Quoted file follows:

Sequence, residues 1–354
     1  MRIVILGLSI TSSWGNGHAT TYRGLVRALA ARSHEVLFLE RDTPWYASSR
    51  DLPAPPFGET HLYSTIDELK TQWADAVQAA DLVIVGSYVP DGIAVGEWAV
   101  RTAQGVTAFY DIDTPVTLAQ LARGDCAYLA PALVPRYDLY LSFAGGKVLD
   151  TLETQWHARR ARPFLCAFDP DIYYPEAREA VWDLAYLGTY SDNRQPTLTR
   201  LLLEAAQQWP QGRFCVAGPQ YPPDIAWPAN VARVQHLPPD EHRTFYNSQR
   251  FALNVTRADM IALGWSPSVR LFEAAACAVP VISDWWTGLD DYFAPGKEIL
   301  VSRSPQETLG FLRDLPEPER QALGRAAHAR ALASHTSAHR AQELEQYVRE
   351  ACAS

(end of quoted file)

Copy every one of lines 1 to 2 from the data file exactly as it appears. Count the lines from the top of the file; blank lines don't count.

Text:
Sequence, residues 1–354
     1  MRIVILGLSI TSSWGNGHAT TYRGLVRALA ARSHEVLFLE RDTPWYASSR